Most of the fish in the Barents Sea are demersal (Dolgov et al., 2011). The demersal fish community consists of about 70–90 regularly occurring species. These have been classified into zoogeographical groups. About 25% are Arctic or mainly Arctic species. The commercial species are all boreal or mainly boreal (Andriashev and Chernova, 1995), except for Greenland halibut (Reinhardtius hippoglossoides) that is classified as either Arcto-boreal (Mecklenburg et al., 2013) or mainly Arctic (Andriashev and Chernova, 1995).

Total biomass

Zero group fish are important consumers on plankton and prey of other predators and therefore an important element in the transfer of energy between trophic levels in the ecosystem. The total biomass of 0-group (cod, haddock, herring, capelin, polar cod, and redfish), was 1.95 million tonnes in August-September 2016, which is slightly above the long-term mean of 1.76 million tonnes (Figure 3.5.1). The biomass was dominated by capelin and herring. Most of the biomass was distributed in the central and northern-central part of the Barents Sea.


Benthos is one of the main components of the marine ecosystems. It can be stable in time, characterizing the local situation, and is able to show the ecosystem dynamics in retrospective. It is also dynamic and shows pulses of new species distribution,such as the snow crab and the king crab, and changes in migrating benthic species (predatory and scavenger species such as sea stars, amphipods and snails with or without sea anemones).

Mesozooplankton biomasses

The mesozooplankton plays a key role in the Barents Sea Ecosystem by channelling food from primary producers to animals higher in the foodweb.

The main features of the distribution patterns show similarities across years, although some be-tween-year variability is apparent.

Mercury is the single most toxic element for seabirds. Mercury, along with Cadmium and lead, is one of the heavy metals that are of environmental concern as it can be toxic at levels only moderately elevated above natural ambient levels.

Bottom sediments (Photo: Mareano)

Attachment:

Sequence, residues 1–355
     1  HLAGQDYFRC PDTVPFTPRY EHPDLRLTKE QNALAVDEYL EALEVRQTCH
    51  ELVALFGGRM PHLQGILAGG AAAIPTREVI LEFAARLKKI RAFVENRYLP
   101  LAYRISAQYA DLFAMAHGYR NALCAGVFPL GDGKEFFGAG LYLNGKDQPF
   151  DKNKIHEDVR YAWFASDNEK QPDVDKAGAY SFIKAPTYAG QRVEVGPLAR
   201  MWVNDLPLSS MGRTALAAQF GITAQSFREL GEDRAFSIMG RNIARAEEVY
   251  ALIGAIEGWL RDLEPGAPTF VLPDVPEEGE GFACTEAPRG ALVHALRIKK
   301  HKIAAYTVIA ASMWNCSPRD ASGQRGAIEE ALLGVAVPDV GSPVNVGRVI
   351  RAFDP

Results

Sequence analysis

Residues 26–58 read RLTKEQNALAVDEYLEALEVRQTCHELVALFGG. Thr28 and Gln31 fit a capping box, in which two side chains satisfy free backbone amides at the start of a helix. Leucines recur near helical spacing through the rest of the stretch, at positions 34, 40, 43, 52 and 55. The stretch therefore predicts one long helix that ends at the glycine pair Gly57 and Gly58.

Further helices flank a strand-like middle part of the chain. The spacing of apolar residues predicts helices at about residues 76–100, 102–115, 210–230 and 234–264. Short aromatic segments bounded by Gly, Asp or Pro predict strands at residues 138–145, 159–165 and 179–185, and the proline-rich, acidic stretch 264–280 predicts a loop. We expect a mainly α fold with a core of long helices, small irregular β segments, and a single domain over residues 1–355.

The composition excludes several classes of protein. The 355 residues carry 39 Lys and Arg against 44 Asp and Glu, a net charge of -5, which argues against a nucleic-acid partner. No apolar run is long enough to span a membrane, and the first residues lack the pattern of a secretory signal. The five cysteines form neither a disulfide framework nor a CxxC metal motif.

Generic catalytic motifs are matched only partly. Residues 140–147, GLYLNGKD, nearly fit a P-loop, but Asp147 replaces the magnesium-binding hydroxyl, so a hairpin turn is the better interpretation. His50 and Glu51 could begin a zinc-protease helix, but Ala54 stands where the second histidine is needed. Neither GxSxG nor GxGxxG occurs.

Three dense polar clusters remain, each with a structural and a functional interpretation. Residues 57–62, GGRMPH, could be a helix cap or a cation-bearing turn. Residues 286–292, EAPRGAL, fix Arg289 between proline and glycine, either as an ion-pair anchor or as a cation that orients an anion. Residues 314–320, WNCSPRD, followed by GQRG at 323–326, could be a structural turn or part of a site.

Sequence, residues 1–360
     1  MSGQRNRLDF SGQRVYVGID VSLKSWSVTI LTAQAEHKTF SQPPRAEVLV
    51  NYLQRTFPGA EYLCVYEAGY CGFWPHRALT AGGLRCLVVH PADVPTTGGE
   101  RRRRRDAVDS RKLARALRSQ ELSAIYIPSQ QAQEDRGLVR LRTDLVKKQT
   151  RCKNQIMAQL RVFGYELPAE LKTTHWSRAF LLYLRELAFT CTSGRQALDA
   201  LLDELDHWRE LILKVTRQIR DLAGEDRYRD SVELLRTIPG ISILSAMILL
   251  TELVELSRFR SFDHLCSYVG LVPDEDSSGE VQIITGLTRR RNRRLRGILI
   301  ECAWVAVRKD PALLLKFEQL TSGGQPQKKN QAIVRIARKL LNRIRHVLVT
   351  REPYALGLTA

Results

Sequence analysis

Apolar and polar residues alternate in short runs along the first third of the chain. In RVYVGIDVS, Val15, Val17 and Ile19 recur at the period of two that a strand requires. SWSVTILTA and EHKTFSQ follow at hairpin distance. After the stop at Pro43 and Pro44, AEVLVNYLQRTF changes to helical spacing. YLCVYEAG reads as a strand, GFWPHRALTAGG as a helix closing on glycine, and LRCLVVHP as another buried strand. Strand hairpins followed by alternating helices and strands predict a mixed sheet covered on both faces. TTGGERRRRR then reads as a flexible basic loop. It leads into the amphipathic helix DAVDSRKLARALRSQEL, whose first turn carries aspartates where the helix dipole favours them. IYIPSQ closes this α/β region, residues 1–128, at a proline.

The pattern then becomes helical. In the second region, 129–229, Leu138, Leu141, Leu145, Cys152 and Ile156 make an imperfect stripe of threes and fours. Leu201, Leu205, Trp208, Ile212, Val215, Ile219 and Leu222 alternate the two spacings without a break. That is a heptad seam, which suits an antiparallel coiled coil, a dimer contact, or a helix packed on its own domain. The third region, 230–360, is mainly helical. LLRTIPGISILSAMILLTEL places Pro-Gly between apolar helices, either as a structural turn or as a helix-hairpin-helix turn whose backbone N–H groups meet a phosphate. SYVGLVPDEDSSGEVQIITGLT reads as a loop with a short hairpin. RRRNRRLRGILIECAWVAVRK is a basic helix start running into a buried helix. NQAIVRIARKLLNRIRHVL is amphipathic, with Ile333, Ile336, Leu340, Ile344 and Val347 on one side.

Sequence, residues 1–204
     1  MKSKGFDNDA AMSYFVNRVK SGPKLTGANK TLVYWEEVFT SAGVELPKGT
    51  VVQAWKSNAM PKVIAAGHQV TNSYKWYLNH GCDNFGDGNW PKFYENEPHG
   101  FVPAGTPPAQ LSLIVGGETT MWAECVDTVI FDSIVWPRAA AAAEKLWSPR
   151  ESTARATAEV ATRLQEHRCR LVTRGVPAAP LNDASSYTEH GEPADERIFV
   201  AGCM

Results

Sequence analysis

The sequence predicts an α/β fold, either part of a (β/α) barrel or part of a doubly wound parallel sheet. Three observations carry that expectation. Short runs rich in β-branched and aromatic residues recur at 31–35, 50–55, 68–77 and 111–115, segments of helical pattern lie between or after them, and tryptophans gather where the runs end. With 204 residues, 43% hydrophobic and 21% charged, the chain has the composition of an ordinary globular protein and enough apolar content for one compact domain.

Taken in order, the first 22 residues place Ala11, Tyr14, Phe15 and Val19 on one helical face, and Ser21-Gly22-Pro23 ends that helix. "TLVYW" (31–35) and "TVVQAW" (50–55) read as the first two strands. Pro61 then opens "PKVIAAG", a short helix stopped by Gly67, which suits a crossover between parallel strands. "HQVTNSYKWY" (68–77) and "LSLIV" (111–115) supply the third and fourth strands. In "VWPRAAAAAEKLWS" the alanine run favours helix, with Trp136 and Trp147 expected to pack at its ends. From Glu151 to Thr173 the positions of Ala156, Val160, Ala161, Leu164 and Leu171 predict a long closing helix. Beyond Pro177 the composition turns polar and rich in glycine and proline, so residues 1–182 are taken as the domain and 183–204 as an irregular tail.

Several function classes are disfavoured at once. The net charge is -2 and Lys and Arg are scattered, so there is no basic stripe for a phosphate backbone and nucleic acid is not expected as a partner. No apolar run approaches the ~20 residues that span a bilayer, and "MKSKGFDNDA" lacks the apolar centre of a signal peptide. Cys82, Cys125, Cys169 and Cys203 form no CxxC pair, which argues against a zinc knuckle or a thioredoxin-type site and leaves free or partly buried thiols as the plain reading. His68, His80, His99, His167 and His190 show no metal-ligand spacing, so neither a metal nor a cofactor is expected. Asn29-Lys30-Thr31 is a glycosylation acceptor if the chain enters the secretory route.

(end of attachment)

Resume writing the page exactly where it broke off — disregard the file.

The surface sediments, i.e. the predominant sediment type of the upper ~ 50 cm of the seabed, form the uppermost part of a sediment sequence covering the rocks of the Barents Sea. This sediment sequence varying in thickness from a few to several hundred meters and was mainly deposited during the Quaternary (the last 2.6 million years), a time period where glaciations took place repeatedly.

Example of a seabed consisting of muddy sand and gravel. Distance between the red laser dots is 10 cm (photo;


The map service shows the grain size of seabed surface sediments of the Barents Sea. The map has been compiled in cooperation between the Geological Survey of Norway, Trondheim (Aivo Lepland), and OAO "SEVMORGEO", St. Petersburg (Aleksandr Rybalko), in the frame of the Norwegian-Russian Environmental Commission Workplan 2013-2014, OECEAN 5. Existing maps produced by various organizations served as a basis for the compilation.

Bottom sampling (Photo: Norwegian Polar Institute)


This biotope map, covering the entire Barents Sea, has been compiled in collaboration between the Geological Survey of Norway, the Norwegian Institute of Marine Research (IMR) and the Russian Polar Research Institute of Marine Fisheries and Oceanography (PINRO) in the frame of the Norwegian-Russian Environmental Commission Workplan for 2011-2013 and 2013-2015.

Protcted areas in the Barents Sea area

Environmental management

The protected areas in Northwest Russia are divided into different categories of protection and management. In strict nature reserves (zapovednik) no economic activities are permitted. National parks are designated to nature conservation, research, educational and cultural purposes as well as controlled recreational activities. In national parks there are restrictions to the management of natural resources. Nature parks (prirodnyi park) are the equivalent of the Norwegian

Genetic similar groups of Atlantic salmon. Source: CGF)


Scientists, managers and commercial fishermen from Northern Norway, Finland and north-west Russia, White Sea area combined their efforts in the Kolarctic salmon project (2011-2013), with the aim of providing a better knowledge-base for the countries salmon management. Within this joint and unique effort bio-specimen were sampled along the North-Norwegian coast and in Russian Barents and White Seas generating the most comprehensive ecological and genetic datasets for Atlantic salmon (Salmo salar).